Spray 3 6" cake pans with pan spray. Line the bottoms with parchment circles, and place them on a baking tray. Set aside.
Sift together the flour, cocoa powder and baking soda. Set aside.
Stir the buttermilk, food coloring, and vanilla together. Set aside.
With a hand mixer or in the bowl of your stand mixer, cream together the sugar, oil, and salt. Add the eggs, 1 at a time, and beat until emulsified. The mixture will thicken and be opaque.
Alternate adding the dry ingredients in three additions with the wet ingredients, mixing just until combined and scraping the bowl as necessary.
Mix in the vinegar.
Divide evenly among the three prepared pans and bake for 40-45 minutes, rotating the pan after about 25 minutes, until well-risen and slightly domed and the cakes spring back when pressed lightly on the tops.
Run a thin spatula around the inside of each pan. Allow the cakes to cool in the pans for 10 minutes, then turn them out onto cake racks to cool completely.
In a medium saucepan, combine the milk, sugar, flour, and salt. Bring to a boil over medium heat, whisking constantly.
Allow to boil for 15-30 seconds and then pour through a fine mesh strainer into a bowl. Cool to room temperature.
Stir in the vanilla and optional bitters into the milk-sugar mixture once it has cooled.
Cut the butter into 1-2 Tablespoon pieces. If the butter seems too firm, flatten each piece to allow them to soften faster.
Using the whip attachment, whip the butter into the cooled base a piece at a time, waiting until one piece is completely incorporated before adding the next. Once all the butter is added, whip on high speed for a few minutes (5-7 or so) until the frosting is smooth and fluffy. If it's still not coming together in a glorious fluffy mass, refrigerate the bowl for a few minutes and then whip again.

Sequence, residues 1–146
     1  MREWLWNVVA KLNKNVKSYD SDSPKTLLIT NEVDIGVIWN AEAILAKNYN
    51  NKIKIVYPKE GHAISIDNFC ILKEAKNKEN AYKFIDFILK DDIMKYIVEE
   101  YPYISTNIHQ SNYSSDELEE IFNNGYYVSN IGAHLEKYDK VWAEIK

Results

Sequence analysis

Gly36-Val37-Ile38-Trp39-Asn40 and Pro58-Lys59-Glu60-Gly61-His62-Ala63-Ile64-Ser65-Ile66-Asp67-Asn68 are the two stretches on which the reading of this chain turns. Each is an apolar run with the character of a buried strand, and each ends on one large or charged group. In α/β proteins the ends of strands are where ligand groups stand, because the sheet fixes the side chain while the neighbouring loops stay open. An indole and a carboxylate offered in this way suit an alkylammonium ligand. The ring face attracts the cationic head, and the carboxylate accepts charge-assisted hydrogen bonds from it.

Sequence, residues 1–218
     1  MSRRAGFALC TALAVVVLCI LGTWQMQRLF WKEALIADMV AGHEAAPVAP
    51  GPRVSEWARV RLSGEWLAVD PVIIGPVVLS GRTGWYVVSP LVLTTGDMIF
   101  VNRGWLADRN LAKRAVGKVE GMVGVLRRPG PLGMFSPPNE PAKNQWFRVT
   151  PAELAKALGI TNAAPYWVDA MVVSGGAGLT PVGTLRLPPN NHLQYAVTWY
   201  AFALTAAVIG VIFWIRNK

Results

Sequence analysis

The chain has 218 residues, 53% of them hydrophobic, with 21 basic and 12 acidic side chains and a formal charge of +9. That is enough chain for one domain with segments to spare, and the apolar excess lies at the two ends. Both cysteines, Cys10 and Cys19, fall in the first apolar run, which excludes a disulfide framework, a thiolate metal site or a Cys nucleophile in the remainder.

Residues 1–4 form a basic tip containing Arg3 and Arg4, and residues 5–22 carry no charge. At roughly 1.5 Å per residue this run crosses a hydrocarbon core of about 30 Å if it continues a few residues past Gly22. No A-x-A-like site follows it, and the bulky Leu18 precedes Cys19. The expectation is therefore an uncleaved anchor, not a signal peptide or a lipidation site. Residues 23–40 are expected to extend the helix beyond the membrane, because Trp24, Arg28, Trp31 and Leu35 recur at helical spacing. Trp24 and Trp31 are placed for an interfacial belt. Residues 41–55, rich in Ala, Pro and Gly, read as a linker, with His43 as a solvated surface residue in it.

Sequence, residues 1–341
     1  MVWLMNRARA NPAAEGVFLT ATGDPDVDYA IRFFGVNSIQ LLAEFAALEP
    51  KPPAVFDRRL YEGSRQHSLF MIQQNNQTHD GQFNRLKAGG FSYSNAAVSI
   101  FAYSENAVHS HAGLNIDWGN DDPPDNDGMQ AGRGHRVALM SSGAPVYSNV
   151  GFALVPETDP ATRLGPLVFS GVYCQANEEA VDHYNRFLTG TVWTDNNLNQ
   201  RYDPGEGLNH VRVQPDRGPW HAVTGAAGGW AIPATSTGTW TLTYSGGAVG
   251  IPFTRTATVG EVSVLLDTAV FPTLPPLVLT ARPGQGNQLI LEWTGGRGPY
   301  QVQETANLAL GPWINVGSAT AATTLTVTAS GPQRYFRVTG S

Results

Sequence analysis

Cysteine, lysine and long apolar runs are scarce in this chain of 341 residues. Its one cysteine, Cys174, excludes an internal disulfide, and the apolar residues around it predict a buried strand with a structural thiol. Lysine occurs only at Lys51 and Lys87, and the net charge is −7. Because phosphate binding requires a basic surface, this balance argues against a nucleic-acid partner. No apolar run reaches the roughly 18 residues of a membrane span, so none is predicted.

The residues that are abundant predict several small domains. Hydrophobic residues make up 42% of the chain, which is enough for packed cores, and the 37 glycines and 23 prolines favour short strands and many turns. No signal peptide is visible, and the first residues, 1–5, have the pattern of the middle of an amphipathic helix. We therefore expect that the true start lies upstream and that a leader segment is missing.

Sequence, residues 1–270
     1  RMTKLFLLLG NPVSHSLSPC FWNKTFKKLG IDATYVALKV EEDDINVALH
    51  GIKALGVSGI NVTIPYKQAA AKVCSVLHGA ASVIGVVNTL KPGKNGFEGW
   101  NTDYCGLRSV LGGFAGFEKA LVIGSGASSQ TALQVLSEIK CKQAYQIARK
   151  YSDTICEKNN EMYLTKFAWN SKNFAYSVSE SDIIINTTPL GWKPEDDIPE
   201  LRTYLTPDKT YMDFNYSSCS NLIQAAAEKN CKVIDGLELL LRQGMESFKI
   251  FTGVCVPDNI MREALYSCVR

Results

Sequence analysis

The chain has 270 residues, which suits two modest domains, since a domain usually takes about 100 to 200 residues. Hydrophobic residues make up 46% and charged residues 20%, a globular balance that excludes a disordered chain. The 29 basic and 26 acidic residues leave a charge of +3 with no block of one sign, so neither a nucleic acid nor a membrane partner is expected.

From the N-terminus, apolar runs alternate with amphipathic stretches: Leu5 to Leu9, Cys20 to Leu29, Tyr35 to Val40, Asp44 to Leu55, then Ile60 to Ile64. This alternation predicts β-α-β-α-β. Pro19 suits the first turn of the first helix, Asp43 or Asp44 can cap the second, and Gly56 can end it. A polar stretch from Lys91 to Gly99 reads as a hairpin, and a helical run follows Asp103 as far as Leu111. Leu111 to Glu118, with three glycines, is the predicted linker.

Slice the domes off the cakes and crumble into crumbs.
Smear a dab of icing in the center of your cake plate, and place one layer on top.
Spread evenly with about 1/2 cup frosting.
Place another layer on top, spread another 1/2 cup of frosting on that layer and top with the final layer, bottom side up. Make sure the cake is level and the layers are stacked evenly, and then refrigerate for 30 minutes or so. This will keep your layers from sliding while you frost the rest.
Spread a thin layer of frosting around the sides so you can see the cake through the frosting. Spread a thicker layer of frosting on the top of the cake.
Use the cake crumbs to decorate however you'd like, either pressing them around the sides or using them in a stencil to make a design on top like I did.
Since the fat in this cake is oil, it will not get hard in the fridge. The butter in the frosting will get hard though, so if you refrigerate it, slice and then wait 30 minutes or so before serving so the frosting can soften up.
And there it is, gang. Traditional Red Velvet Cake with Ermine Frosting. For my money, it doesn’t get more old school or more Southern than that, especially when you’re talking about cake. If you’re used to pairing cream cheese frosting with red velvet cake, I think ermine frosting will be a pleasant surprise. Make this red velvet cake for someone special, and see if you don’t agree.
Ermine is also my favorite neutral (non-chocolate) frosting for chocolate cake. In case you were wondering.
Oh, and here’s a long pin for you if you’d like to save this recipe.
Thanks so much for spending some time with me today. Enjoy the red velvet cake and the ermine frosting. Take care, and have a lovely day.
What would you like to do next? Click HERE to explore my other cake recipes.